New exhibition showcases work from artists all over Devon

Thelma Hulbert Gallery, Honiton 
28 May 2022 to 23 July 2022

Artists and makers from across Devon are exhibiting work in a new exhibition at the Thelma Hulbert Gallery, Honiton.

Fresh! features embroidered whippets, wet-plate photographs of wild swimmers, a set of drawers containing small pieces of art, and an installation made from World War 2 love letters.

The exhibition includes painting, sculpture, pottery, glass work, textile and paper art by more than 50 established and emerging artists from Devon Artist Network. The exhibition is hosted by Thelma Hulbert Gallery as part of Creative Communities, an initiative to promote the value of individual and collective creative expression, and fresh ideas and perspectives. 

Work includes:

Penny O’Brien’s ceramic pots feature places in Devon using the What3Words app. The show landscape features of a particular location, with the three words imprinted on the clay. Penny’s work is inspired by her surroundings: the landscape of Dartmoor, the places she visits, and the ever-changing weather. 

Tessa Jane’s ‘Let life live through you’ is a set of twelve drawers, each containing individual pieces of drawn, stitched, printed art, photographs, found objects and collage. Visitors can open the drawers to explore the artist’s dreams, passions, hopes and fears.

Karen Nicholls’ embroidered appliqué is inspired by photographs of her whippets and a passion for fabric. Based in Tavistock, she makes framed freehand machine-embroidered and appliqued original pieces depicting animals, birds and foliage. Karen loves to sew the quirky, beautiful, magical, humorous or touching characters from her photographs and sketches, combining the images with the texture and warmth of fabric and the stitched line.

Martin Staniforth is a sculptor based in the village of Awliscombe. His practice focuses on emergence, regeneration and natural progression, drawing influences from nature.  His work experiments with forms falling and rising: pieces from the burnt-out Royal Clarence Hotel, Exeter; microscopic creatures and the human form. He is intrigued by ‘vulnerability’, and how this is masked with statements of certainty and how we express this in the masculine and the feminine.

Nicky Thompson (aka Barton) is a Wet Plate photographer, who uses old photography techniques. Her stunning photography artwork in the exhibition is an example of an ongoing project of Wild Swimmers taken on glass plate using wet collodion, a Victorian photographic process.

Philippa de Burlet creates thrown, hand-painted porcelain which is strong and durable from her studio in Chagford. Her collection in the exhibition comprises exquisite blue and white ceramic candlesticks and bowls are painted with a blue/grey underglaze painting.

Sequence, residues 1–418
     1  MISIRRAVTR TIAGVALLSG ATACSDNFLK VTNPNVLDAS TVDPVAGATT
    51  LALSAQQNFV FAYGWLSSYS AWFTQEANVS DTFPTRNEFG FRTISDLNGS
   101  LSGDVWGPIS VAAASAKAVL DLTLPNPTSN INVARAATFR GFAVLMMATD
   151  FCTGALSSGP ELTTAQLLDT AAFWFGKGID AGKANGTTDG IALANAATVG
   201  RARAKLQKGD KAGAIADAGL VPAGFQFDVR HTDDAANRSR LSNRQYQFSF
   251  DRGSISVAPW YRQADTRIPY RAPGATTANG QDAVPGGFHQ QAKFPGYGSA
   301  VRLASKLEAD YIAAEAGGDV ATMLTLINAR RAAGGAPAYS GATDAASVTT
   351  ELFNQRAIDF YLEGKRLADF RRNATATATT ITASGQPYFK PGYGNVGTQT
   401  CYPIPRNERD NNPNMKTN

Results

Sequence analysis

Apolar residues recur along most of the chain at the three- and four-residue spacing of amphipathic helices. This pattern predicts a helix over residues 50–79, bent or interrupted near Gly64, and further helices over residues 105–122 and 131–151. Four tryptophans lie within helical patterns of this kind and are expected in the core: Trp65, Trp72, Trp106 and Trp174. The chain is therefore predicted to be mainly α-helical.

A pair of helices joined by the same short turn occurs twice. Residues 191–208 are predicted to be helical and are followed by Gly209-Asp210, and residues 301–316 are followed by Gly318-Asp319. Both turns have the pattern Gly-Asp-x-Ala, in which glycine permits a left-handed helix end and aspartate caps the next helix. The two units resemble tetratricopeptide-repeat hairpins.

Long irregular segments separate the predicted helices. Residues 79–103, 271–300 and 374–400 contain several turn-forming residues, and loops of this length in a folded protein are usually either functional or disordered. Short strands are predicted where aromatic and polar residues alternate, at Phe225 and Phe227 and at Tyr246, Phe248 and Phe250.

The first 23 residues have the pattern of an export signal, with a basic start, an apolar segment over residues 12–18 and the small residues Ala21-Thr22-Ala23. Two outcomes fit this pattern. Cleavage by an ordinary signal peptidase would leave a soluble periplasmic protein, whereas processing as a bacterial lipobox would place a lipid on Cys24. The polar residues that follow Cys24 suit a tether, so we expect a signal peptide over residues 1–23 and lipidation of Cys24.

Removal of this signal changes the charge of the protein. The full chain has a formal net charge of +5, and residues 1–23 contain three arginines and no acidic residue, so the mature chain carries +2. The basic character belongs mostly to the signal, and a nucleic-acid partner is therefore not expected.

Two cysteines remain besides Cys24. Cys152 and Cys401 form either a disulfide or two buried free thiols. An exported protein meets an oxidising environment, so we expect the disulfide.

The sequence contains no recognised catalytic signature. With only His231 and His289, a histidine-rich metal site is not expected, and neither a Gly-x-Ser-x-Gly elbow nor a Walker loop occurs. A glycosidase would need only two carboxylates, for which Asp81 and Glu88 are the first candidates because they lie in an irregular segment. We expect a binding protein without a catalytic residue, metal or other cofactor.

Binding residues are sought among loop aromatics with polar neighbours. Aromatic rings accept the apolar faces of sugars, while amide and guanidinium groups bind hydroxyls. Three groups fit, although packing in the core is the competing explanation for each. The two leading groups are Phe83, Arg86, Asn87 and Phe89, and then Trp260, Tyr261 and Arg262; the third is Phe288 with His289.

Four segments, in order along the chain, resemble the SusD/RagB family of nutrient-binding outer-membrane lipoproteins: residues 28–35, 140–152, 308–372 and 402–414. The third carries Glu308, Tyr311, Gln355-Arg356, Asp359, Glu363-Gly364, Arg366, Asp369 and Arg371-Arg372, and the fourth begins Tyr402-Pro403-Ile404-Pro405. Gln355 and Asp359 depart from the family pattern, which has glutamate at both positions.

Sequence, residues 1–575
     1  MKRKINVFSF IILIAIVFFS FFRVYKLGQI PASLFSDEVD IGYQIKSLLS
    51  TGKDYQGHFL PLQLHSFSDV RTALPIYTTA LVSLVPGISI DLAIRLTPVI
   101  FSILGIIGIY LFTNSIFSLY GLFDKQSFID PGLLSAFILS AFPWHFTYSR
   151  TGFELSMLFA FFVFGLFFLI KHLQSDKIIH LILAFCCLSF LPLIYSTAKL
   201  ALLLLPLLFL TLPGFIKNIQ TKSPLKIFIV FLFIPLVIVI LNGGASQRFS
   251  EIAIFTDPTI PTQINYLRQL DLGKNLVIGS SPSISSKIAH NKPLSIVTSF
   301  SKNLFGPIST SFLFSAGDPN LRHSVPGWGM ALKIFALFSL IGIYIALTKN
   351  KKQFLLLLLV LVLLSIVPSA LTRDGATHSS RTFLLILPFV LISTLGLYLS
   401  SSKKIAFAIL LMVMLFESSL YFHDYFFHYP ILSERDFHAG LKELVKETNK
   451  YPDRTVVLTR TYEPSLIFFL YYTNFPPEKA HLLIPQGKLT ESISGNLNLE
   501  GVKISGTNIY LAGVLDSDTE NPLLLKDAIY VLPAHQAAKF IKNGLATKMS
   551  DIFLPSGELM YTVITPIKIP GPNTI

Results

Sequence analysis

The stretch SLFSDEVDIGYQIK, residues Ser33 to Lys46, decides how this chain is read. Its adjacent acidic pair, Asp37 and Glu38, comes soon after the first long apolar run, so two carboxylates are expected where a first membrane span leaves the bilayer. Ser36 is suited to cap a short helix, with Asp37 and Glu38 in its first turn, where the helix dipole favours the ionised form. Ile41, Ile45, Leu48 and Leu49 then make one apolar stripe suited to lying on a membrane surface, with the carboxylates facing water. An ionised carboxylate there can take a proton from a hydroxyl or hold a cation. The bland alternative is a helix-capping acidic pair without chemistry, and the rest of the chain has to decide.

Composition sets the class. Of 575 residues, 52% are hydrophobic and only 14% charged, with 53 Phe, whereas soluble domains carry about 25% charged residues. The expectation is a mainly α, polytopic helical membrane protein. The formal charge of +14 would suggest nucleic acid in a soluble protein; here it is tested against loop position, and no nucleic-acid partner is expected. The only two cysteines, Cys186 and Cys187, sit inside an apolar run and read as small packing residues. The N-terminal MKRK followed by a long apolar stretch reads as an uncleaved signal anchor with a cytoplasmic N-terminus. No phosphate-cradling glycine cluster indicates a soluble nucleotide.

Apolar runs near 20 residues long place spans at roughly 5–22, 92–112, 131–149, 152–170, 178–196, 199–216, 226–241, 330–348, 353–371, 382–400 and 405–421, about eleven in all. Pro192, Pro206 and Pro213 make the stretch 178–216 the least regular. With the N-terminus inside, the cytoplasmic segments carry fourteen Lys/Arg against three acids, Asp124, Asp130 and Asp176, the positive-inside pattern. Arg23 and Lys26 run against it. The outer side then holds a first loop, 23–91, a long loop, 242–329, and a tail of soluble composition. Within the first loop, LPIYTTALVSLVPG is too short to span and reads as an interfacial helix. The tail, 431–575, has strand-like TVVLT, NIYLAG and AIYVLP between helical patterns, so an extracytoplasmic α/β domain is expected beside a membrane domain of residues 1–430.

Sara Evans’ work develops from a variety of sources and engagements with contemporary life. Human psychology, environmental issues, and gender roles are thematic threads. Narrative, metaphor, and humour feature in her pottery pieces; she is intrigued that each viewer brings a different meaning to what they see.

Ella Slade’s compelling landscapes capture the essence and vitality of the rugged scenery of Devon and Cornwall, in all of its many shifting moods. Rolling storm swells and phosphorescent briny seas set against the craggy coastlines of the South West continue to inspire Ella. Every day she works in the open air and from her beachside studio in Exmouth.

Gillian Taylor has used love letters written during World War Two to create an installation of poppies which is suspended from the ceiling of the gallery. Fragments of the original text can be seen on the poppies, hinting at what life was like in another era.

Ruth Smith is an emerging artist, who has been inspired by local produce during the pandemic. With neighbours dropping round eggs and sharing plants for allotments, she began to think about how local produce brings community together, and how disconnected we are from the people and processes behind many items sold in supermarkets. 

Ruth said:

“Since the lockdowns I have been really conscious about how local produce creates connections between people and the land. As it’s all fresh veg, grown here in Devon, I thought it would fit perfectly with this celebration of all things wonderfully fresh and inspiring about Devon.”

Throughout the exhibition there will be a programme of workshops for community groups and families.

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